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A World Apart: Pre-Columbian art exhibit opens in Florence Cultura, Reporting in English

by Samantha Blankenship

Florence – It’s difficult to believe that art from other civilizations could survive, let alone thrive, in Florence, the once-heart of the Renaissance.  But on Thursday a collection of Pre-Colombian art, one of the city’s most important art exhibits of the season, opened in Florence’s Archeological Museum.

The collection, entitled “The World That Wasn’t There. Pre-Colombian Art from the Ligabue Collection,” is mostly comprised of archeological pieces from Mesoamerica and South America.

Pre-Colombian art refers to art pieces created before or during the 15th century, when Columbus discovered the new world. This time period includes many civilizations, most notably the Maya, Inca and Aztec. The exhibit represents a world that, until 1492, Europe didn’t even know existed.

Many of the 230 pieces vary in style and function, for 5,000 years of civilization is represented within the small exhibit hall. The artifacts include representations of royal power, religious objects, personal and domestic decoration and utensils from daily life.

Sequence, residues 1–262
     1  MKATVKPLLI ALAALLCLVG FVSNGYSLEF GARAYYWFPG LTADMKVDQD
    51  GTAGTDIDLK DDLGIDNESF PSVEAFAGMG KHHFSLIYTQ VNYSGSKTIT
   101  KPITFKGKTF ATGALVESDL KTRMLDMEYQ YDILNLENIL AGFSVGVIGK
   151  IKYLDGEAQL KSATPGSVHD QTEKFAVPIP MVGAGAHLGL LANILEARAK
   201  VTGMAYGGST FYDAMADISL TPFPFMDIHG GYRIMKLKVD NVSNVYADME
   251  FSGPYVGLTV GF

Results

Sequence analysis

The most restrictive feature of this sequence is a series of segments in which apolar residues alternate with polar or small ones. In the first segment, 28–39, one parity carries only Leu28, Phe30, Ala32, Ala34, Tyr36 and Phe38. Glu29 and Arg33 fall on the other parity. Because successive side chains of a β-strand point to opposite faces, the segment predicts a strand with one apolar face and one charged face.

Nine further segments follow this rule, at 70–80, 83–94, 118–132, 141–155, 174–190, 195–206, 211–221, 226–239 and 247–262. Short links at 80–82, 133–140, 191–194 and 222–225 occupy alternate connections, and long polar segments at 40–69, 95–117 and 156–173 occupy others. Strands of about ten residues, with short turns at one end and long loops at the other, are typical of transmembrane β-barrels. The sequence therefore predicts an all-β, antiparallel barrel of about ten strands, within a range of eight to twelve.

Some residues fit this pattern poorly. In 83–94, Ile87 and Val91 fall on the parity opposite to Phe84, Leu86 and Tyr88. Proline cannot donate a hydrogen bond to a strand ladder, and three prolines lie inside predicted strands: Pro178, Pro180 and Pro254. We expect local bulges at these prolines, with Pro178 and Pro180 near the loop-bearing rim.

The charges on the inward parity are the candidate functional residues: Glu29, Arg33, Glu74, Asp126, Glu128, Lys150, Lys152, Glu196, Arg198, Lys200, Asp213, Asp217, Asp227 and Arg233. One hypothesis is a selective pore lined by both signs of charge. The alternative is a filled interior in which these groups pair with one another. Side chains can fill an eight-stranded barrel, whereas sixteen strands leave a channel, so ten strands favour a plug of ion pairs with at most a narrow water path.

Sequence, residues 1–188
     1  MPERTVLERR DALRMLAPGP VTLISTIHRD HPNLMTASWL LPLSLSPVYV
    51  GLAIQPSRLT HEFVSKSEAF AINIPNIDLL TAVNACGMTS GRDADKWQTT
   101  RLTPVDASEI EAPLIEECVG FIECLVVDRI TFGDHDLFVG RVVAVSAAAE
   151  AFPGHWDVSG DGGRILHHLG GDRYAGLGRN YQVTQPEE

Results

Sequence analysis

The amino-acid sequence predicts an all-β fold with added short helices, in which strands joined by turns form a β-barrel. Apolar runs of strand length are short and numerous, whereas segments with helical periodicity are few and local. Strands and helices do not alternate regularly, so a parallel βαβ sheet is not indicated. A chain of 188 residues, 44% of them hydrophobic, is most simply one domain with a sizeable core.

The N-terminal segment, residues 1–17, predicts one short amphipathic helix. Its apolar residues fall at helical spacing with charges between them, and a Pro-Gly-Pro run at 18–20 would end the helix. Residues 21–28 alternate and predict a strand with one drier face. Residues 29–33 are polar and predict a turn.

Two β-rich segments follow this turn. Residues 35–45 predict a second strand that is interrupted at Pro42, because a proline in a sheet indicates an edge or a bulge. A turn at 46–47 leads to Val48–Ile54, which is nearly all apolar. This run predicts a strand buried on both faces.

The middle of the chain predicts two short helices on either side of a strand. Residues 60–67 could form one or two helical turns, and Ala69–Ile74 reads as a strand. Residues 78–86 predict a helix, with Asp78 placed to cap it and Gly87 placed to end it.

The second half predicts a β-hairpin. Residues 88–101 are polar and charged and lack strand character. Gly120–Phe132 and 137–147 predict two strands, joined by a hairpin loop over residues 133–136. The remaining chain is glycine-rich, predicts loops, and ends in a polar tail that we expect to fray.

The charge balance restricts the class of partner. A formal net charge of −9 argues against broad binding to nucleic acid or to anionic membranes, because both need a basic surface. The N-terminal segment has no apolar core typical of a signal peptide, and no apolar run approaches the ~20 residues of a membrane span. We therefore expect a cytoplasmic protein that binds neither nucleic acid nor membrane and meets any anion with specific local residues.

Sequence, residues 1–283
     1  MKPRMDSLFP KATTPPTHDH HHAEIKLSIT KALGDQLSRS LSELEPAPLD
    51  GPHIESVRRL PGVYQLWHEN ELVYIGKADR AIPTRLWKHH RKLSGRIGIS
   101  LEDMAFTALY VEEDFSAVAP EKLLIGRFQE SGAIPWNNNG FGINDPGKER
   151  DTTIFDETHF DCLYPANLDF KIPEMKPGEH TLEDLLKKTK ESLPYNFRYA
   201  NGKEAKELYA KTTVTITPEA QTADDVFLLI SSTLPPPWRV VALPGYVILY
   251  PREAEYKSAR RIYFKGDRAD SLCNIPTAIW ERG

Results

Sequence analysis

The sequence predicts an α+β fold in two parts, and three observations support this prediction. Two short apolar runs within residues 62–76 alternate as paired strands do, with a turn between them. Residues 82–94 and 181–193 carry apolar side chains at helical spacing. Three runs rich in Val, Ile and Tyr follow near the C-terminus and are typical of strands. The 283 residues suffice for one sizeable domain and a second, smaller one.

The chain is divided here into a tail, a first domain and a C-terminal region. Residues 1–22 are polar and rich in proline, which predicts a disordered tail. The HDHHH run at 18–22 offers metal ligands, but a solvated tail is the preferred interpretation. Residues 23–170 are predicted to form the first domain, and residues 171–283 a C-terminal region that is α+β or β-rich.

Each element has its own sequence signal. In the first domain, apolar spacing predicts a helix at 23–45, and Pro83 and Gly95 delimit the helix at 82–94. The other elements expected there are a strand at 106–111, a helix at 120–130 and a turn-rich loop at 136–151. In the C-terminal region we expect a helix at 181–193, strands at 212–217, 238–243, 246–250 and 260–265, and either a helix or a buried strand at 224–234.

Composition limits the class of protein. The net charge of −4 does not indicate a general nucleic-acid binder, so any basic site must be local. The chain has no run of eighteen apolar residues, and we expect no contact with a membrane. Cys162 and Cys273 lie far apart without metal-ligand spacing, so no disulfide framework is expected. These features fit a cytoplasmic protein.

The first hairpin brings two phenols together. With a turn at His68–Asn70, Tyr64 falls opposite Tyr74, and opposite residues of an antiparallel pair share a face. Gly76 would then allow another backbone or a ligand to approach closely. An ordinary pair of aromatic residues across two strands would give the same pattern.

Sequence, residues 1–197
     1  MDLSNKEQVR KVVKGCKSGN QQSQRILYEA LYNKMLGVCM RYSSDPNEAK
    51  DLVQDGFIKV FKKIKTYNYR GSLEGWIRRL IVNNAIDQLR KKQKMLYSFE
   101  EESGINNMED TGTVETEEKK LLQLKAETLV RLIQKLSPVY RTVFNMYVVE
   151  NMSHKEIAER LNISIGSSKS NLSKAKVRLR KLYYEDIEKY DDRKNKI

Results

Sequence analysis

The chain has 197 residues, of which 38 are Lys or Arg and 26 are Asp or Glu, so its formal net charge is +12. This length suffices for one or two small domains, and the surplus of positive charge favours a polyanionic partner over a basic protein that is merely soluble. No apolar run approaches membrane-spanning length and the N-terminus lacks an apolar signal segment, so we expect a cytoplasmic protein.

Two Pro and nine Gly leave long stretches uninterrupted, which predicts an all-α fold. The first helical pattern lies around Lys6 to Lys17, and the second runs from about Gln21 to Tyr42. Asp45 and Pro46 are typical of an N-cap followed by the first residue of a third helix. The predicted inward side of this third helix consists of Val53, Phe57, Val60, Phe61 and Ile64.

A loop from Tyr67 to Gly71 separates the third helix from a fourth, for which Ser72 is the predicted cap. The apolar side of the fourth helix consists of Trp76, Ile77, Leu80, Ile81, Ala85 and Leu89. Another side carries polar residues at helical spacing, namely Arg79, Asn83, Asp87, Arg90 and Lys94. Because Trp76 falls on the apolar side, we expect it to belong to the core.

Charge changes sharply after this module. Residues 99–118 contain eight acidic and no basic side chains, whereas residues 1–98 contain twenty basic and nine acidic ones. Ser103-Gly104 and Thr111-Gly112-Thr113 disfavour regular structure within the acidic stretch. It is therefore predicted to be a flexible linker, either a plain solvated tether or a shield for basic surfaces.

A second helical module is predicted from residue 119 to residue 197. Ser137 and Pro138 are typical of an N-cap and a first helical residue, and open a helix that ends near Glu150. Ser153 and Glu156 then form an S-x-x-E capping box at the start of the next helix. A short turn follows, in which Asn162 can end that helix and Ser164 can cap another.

The majority of the artifacts are from the collection of Giancarlo Ligabue. Ligabue collected many artifacts from civilizations all over the world, but became especially interested in “the world that wasn’t there.” He then started exploring and collecting in Mesoamerica and South America. Now Ligabue possesses one of the few collections of its kind in Italy.

It was his son, Inti, who decided that his father’s collection, which had never been shown publicly, should be presented in Florence. The decision to hold the exhibit in Florence was significant, since it was in this city that the Medici family collected and preserved great works of art like these, centuries before Ligabue started his collection.

 Some of the Medici’s collection is also on display alongside Ligabue’s, as well as pieces from other private collectors.

The exhibit will be on display in the Archeological Museum in the piazza Santissima Annunziata until March 6, 2016.

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